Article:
by Volker Weber

Isn't it amazing at which speed Apple is releasing new products lately?

I think both the new iMac and the 15" PowerBook are quite tempting. Aperture sure looks nice but does not fit my bill. If Apple would fix iPhoto, I'd be fine.


It is amazing, and all of it well designed and very easy to use.

Compare and contrast with Microsoft - who seem to be stuck in a "non-delivery" mode and internally tied up with red tape.

Perhaps Balmer should spend some of his Billions poaching the Apple management team, as they're doing exactly what he cannot - getting good product out the door.

---* Bill

Bill Buchan, 2005-10-20

From the first looks at the web site - Aperture has this magic "I want this..." effect that you'll find in so many things from Apple... (besides the price tag)


Markus Heyl, 2005-10-20

Just wish more of the ISVs (yep that means you IBM) would shift to proper support, neh exploitation, of the Mac environment.

One of the ironies of the world as I see it is that MS actually exploits the Mac more than most other vendors do - the Mac version of Office and in particular Entourage shows that they see the benefit in rebuilding the application code for a Mac version, rather than just an inferior port of Windoze code (mmm could that be Notes?)...

Aperture looks beautiful, could be hard to convince the missus to spend that 500 bucks though...

Stu Mac, 2005-10-20

Careful. Going to Aperture means shooting RAW, which also means larger files, more camera storage, more HD storage, a more powerful machine. It isn't the 500 that should bother you. It is the 5000 of trailing purchases.

Volker Weber, 2005-10-20

RAW is the only way you SHOULD shoot in my opinion. It gives a tremendous amount of flexibility and a way to non-destructively work on your images. If you only shoot in JPEG, every time you save you are destroying more of the file.

I've been shooting RAW exclusively now for a couple of years, and it makes Aperture look REALLY tempting.

Besides, if you are going to spend $500 USD for a photo management program, you probably are already in the DSLR world and shooting RAW mainly anyway.

I did an article for ConnectedPhotographer on the benefits of RAW that you can find here.

Anyway...I agree, Apple keeps looking better and better. When I can get a powerbook that can triple boot between OSX, Linux and Windows, I'll be in heaven!


John Roling, 2005-10-20

You don't *have* to go to RAW -- Aperture understands TIFF, JPG and PSD, too. The audience Aperture is aimed at probably uses RAW, though.

Thom Rosario, 2005-10-20

@John: "If you only shoot in JPEG, every time you save you are destroying more of the file." - That's why you don't work with the original JPG file but with working copies instead, do you? RAW can be great, but using both JPG and RAW myself, I wouldn't say that RAW is generally superior to JPG. Honestly, I even think that many people just use it "because that's what the pros do" while underestimating the advantages of JPG shooting. Largely a matter of personal preferences, I guess.

Haiko Hebig, 2005-10-20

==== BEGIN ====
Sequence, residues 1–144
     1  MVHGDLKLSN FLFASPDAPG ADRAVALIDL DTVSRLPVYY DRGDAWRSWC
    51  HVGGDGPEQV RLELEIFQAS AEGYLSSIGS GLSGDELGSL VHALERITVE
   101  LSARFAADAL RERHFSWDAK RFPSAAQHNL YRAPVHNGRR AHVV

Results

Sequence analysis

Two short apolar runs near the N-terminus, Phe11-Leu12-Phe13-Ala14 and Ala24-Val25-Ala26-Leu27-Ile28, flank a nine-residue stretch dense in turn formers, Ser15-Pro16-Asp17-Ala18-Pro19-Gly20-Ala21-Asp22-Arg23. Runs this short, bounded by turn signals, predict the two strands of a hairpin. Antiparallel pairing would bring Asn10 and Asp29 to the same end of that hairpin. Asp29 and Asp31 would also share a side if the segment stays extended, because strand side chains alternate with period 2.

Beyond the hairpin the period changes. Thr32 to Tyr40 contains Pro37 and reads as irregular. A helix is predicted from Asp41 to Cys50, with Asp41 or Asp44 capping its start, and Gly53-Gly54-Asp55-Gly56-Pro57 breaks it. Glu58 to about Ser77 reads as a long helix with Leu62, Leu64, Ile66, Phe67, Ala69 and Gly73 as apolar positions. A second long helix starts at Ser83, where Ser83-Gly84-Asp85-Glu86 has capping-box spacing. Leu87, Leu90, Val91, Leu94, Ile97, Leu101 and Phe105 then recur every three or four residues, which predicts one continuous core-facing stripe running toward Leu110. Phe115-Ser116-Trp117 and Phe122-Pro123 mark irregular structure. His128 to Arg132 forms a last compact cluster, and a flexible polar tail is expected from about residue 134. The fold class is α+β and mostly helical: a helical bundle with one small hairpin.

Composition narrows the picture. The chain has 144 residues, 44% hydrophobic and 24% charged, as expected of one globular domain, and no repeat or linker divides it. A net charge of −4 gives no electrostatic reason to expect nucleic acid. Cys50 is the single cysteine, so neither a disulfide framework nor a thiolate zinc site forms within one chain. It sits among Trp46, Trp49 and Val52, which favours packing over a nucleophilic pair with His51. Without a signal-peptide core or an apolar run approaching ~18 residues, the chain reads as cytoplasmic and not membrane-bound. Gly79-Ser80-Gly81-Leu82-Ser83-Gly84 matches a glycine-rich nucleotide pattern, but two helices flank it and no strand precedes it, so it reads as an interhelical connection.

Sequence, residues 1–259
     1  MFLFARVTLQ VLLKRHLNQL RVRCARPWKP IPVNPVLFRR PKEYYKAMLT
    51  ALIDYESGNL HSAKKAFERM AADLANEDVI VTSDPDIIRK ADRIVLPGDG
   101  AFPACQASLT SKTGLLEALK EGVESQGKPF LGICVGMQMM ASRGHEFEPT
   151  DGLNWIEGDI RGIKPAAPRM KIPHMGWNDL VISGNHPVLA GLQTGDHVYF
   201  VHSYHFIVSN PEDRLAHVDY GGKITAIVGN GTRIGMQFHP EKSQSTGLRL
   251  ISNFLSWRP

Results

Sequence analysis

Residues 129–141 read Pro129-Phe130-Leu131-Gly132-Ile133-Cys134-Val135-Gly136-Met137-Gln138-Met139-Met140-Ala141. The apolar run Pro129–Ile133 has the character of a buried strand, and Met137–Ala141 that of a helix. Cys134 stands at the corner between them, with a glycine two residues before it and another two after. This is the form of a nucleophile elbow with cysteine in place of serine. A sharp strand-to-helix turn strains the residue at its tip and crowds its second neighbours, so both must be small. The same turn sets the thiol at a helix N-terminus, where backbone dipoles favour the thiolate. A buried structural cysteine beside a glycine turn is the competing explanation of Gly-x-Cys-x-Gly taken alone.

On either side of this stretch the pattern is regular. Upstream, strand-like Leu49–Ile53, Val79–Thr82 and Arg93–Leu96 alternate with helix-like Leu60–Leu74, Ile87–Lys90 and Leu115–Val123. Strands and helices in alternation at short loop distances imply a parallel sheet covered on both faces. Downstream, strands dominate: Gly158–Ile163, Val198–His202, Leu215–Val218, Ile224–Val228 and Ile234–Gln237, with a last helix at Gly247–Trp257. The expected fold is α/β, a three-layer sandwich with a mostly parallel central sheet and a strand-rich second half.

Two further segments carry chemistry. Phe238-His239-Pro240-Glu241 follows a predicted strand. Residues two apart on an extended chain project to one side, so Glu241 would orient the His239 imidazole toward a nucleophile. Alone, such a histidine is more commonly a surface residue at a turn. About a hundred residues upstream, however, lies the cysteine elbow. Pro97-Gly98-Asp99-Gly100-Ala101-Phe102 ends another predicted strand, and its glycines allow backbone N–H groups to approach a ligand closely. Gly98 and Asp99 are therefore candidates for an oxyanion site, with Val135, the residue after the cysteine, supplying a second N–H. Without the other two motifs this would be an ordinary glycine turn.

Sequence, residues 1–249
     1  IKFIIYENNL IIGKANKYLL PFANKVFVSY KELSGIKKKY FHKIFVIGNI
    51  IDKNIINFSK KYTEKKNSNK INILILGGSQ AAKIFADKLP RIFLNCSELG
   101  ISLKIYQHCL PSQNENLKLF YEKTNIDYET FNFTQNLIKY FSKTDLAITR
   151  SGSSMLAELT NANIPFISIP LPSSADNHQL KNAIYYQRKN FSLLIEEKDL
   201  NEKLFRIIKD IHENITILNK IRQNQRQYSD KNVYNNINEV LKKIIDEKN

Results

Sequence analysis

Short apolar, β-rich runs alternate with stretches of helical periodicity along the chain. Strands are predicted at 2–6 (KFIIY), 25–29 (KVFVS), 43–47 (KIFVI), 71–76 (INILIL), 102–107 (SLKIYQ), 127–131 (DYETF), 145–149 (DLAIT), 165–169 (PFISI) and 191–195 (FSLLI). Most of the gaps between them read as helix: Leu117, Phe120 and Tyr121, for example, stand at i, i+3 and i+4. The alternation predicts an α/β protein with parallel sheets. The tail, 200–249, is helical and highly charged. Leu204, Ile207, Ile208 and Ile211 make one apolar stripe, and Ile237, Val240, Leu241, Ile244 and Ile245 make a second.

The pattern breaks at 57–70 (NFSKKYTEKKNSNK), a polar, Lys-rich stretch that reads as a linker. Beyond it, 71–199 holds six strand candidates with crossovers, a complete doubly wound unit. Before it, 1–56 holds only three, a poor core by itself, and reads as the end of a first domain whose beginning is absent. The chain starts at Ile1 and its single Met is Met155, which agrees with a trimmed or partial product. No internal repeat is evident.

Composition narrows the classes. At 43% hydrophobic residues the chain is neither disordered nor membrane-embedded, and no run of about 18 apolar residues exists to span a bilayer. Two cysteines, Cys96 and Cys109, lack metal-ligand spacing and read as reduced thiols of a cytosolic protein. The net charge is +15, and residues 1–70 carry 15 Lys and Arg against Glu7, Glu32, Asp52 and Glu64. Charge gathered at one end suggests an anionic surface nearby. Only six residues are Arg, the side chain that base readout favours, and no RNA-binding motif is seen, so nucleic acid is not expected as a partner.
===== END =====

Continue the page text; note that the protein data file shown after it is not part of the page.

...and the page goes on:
There are two distinct advantages to shooting (and post-processing) in RAW. The first is that it's much easier to get a correct white balance, and it generally gives you up to two stops of exposure leeway.

Once a file is in JPEG, white balance correction and being able to adjust exposure simply are no where near as good, it is destructive to the photo.

Also, having the RAW file is equivalent of having a digital negative, you can go back to that negative and develop it time and again, any way you want or need to.

As for JPEG, you CAN work with a copy of the file, but why? RAW in uncompressed, whereas a JPEG that comes out of a camera already has JPEG compression, so the first time you work with it it already has less info in it than a RAW file.

JPEG really only has two advantages...size and speed. Size is moot anymore in my opinion as hard drives and RAM continues to fall in price. I have a 2GB card in my Canon 20D and have yet to fill it before I can transfer to a computer.

Speed is simply if you want a shot ready to distribute out of the camera. It's already been processed from the RAW image (or developed if you will) by the camera itself.

So, what do you think does a better job of that development, a small chip in your camera, or an entire computer dedicated to the task? Also, you are trusting the camera to develop it correctly and have much less recourse if it comes out badly.

With the RAW file, you can develop it as close to perfect as you can, and then further tweak in Photoshop. Hell, you could even develop it into a 16bit TIFF to really have the most flexibility in PS. You've already had a generation of compression out of the camera with a JPEG, then to convert it to TIFF for more processing would add another generation of degradation.

Granted, most people won't notice it that much unless they are really looking.

Trust me though, if you start developing everything in RAW, you will absolutely never go back.

That said, you have to find a product that works well for your workflow style. I recommend Adobe Bridge with it's RAW converter, or RawShooter Essentials...

Anyway, if you haven't tried RAW, I suggest giving it a shot. It really can produce much better shots with more flexibility.


John Roling, 2005-10-20

And if they could deliver any of these products it would be even better. I e.g. ordered my iPod nano 4 weeks ago. No show until today.

Oliver Stör, 2005-10-21

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I explain difficult concepts in simple ways. For free, and for money. Clue procurement and bullshit detection.


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